(Telegraph) Roger Bootle–The final death throes of the euro?

The euro crisis is entering its final stages. Economic pain is now interacting with political resistance to produce intense financial pressure. I expect Greece to leave the euro ”“ and perhaps very soon.

It could happen voluntarily, but both the Greek people and Greek politicians are still clinging to the idea that they can put an end to austerity yet still stay in the euro. In order to try to achieve that, a new government may call the eurozone’s bluff.

At that point, the other eurozone members would face an awkward choice. Doubtless there would be voices in favour of providing the money, willy nilly. That might well be the French position. But if the eurozone gives way on this, what chance would there be of painful austerity being continued, not just in Greece but also in Portugal, Spain, Italy and Ireland? The northern countries would face the prospect of pouring money into a bottomless pit.

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Posted in * Economics, Politics, * International News & Commentary, --European Sovereign Debt Crisis of 2010, Consumer/consumer spending, Corporations/Corporate Life, Credit Markets, Currency Markets, Economy, Euro, Europe, European Central Bank, Foreign Relations, France, Germany, Greece, Italy, Politics in General, Portugal, Spain

3 comments on “(Telegraph) Roger Bootle–The final death throes of the euro?

  1. Militaris Artifex says:

    There is no pathway out of the hole that many of the Eurozone countries have dug themselves into (thinking particularly of the PIIGS) that is both economically viable and less than severely unpleasant. Unfortunately, we in the United States are, if not in the same boat, very likely in a boat lashed to theirs thanks to the expressed policy of U.S. participation in granting loans to the Eurozone nations through the IMF, [i]etc[/i].

    A [url=http://rwer.wordpress.com/2011/07/14/chart-of-the-day-debt-to-gdp-ratios-for-eu-countries/]chart of 2009 & 2010[/url] Debt-to-GDP ratios for ten of the Eurozone countries, plus average ratios for the Euro area (17 countries) and the EU (27 countries), shows that as of the end of 2010 both Greece and Italy had ratios greater than unity (1.0), and both countries’ ratios were over 100% of GDP (Greece by more than 140%, Italy almost 120%). The one factor of which I am not certain is whether or not the GDP calculated the data provider (Eurostat) calculates GDP in a fashion similar to what is done in the U.S. (official U.S. GDP values include government expenditures, which is at least somewhat misleading as government does not, in fact, produce very much that is of monetary value. Additionally, U.S. GDP only includes final products, the value of intermediate products are not included in the statistic.)

    If the Eurostat GDP is calculated similarly to the calculation of U.S. GDP, the situation is actually worse than the figures might suggest.

    Pax et bonum,
    Keith Töpfer

  2. MichaelA says:

    [blockquote] “Unfortunately, we in the United States are, if not in the same boat, very likely in a boat lashed to theirs thanks to the expressed policy of U.S. participation in granting loans to the Eurozone nations through the IMF, etc.” [/blockquote]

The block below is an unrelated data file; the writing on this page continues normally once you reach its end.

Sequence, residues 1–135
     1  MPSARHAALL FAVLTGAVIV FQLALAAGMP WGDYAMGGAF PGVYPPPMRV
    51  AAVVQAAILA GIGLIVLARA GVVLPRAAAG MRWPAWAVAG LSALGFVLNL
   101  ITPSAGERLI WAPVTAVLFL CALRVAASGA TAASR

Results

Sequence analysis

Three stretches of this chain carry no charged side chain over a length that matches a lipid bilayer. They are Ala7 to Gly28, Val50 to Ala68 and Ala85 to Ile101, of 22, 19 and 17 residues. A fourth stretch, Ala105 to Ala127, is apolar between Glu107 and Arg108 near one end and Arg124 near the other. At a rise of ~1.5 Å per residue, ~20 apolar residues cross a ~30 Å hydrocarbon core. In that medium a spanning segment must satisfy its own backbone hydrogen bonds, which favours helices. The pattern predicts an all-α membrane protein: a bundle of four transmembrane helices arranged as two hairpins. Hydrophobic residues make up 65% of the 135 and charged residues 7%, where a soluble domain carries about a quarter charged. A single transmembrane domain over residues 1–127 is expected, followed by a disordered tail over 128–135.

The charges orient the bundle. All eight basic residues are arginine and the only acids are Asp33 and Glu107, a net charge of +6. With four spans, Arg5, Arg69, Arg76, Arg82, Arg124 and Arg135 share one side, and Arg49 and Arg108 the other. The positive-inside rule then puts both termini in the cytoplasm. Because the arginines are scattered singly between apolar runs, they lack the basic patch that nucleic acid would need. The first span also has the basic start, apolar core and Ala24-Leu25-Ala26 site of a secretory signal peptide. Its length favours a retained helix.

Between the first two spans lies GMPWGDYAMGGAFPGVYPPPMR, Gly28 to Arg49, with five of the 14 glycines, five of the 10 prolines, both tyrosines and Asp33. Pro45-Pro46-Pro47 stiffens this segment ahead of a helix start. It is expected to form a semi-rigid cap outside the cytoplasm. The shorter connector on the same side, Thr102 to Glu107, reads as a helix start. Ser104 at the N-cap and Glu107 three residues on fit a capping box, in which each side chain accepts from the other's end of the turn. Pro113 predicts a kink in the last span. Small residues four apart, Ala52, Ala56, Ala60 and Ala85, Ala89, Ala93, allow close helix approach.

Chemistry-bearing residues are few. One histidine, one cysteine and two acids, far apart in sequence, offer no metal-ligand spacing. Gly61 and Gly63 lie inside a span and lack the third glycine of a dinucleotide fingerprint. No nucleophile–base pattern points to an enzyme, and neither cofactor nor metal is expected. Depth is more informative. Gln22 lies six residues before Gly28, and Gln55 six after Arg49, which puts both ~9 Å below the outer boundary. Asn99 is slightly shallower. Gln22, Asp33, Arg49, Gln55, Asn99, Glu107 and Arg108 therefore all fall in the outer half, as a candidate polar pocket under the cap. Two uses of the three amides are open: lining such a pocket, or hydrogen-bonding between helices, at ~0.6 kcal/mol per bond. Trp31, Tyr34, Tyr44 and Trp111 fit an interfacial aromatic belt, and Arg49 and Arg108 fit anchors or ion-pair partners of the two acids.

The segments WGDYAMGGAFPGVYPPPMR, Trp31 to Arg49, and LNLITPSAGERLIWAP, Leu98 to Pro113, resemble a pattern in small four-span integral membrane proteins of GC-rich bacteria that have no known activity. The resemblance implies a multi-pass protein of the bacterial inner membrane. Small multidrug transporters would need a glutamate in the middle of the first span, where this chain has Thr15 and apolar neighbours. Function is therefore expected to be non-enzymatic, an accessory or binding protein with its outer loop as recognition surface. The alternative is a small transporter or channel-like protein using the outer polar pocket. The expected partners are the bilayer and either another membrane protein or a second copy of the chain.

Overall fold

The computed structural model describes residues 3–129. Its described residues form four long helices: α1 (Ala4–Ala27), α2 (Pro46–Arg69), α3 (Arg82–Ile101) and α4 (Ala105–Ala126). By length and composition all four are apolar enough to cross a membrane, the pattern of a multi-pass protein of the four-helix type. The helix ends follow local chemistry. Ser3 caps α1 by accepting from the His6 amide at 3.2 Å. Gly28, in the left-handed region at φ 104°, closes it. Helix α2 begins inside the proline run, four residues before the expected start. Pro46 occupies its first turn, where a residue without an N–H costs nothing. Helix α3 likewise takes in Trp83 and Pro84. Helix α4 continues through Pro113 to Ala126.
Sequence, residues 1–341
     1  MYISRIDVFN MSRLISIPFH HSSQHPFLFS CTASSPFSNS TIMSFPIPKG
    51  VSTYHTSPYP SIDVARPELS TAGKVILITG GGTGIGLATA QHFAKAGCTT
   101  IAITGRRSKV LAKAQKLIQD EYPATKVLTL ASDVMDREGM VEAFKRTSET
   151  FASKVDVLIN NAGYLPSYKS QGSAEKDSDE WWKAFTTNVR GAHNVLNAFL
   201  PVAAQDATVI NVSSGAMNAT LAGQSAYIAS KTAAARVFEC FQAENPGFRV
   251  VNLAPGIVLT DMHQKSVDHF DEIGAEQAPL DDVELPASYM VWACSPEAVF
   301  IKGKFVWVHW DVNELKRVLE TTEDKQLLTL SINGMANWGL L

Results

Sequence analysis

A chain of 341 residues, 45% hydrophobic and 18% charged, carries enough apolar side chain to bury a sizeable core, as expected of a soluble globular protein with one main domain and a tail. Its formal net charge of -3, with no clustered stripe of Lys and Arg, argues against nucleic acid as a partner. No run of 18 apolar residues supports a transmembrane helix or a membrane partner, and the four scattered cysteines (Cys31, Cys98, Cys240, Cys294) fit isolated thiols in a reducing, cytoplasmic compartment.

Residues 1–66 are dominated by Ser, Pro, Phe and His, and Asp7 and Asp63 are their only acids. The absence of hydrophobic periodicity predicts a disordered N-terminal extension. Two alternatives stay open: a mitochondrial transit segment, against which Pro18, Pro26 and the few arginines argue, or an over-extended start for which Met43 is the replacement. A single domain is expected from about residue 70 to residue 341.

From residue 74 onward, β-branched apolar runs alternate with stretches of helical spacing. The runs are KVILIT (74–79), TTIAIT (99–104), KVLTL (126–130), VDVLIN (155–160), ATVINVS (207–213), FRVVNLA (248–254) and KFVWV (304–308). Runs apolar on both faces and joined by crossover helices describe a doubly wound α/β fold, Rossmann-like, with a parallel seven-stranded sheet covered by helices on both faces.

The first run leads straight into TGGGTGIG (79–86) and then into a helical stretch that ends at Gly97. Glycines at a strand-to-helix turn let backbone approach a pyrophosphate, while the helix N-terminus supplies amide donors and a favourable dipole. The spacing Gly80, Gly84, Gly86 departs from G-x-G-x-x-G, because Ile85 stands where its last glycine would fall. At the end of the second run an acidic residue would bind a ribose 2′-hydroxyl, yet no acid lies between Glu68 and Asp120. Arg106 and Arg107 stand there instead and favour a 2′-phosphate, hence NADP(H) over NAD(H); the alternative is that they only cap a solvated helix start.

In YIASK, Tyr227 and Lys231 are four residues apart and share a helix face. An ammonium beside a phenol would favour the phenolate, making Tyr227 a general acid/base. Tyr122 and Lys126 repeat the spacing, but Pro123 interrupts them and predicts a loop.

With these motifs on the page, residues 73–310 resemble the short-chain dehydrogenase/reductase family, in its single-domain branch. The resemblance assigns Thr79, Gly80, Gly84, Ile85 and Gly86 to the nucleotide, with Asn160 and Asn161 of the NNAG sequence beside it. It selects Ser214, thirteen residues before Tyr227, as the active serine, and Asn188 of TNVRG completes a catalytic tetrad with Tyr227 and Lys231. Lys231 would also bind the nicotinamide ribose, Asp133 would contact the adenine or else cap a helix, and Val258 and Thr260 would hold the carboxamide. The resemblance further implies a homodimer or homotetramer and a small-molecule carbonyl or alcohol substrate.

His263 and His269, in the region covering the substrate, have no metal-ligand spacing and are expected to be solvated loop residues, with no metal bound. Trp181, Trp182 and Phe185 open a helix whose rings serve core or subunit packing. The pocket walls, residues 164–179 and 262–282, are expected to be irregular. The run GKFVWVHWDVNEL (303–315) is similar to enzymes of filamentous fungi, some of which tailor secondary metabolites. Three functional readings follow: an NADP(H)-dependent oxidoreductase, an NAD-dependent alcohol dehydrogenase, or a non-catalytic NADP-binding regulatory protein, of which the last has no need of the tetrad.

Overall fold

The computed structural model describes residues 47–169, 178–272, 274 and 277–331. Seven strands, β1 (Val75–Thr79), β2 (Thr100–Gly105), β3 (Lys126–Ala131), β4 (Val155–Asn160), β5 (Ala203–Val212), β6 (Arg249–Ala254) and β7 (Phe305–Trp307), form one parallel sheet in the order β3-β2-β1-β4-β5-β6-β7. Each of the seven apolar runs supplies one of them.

Don’t just blame the IMF. There are plenty of other reasons why Greek loan defaults (which are a seperate issue to the Euro) will impact on the USA.

    But also, don’t complain: If you live by the loan you have to be prepared to die by it also.

  3. Militaris Artifex says:


    I didn’t just blame the IMF (did you not note the [i]etc.[/i]? which you included in your quote of my original comment). I was simply not going to spend the time Googling all of the other ways we have enabled the Europeans to live beyond their means. And, as a Hayekian Old Whig and student of Austrian School economics, I [b]vehemently abhor and oppose[/b]: the manipulations of the U.S. currency system by the Federal Reserve, fiat monetary systems (including that in the U.S.), and government interference in the marketplace, ([b]including ours[/b]), with [b]the only exceptions[/b] being rigorous enforcement of the [i]Rule of Law[/i] and strict protection of property rights, free association and free exchange—no other exceptons permitted.

    The evils produced by the abandonment of those principles is, I believe, the primary proximate cause of the fiscal crisis which the U.S. faces today. Unfortunately, a majority of my fellow citizens who vote appear to be blind to the way in which the world works, and continue to succumb to the siren call of the government politicians (in both major parties) who continue to promise them bread and circuses, and do so as Bastiat suggested would be the case, at the pretended expense of everyone else. Hence, we end up with [b](a)[/b] a unit of currency which loses more purchasing power with every passing year, such that in the past 100 years it has lost more than 90% of its value, and [b](b)[/b] an economy mired in the stagnation that comes from massive malinvestments caused by Federal manipulation of the supply of intrinsically worthless paper money having no value beyond the promise to exchange worn out pieces of not very colorful pieces of fabric for new and unworn pieces of not very colorful pieces of fabric, both fraudulently alleged to be money.

    I know not what you were reading into my comments but, insofar as I can see, my initial comment said nothing to indicate I thought the U.S. was in any safer position than the EU countries. I was simply suggesting that the fall of any of the Eurozone countries economies may well trigger a collapse here, a situation quite possibly very similar in kind and magnitude to that which last occurred in 1929. Not a pleasant prospect, and also not an unforeseeable one for those who have eyes to see.

    [i]Pax et bonum[/i],
    Keith Töpfer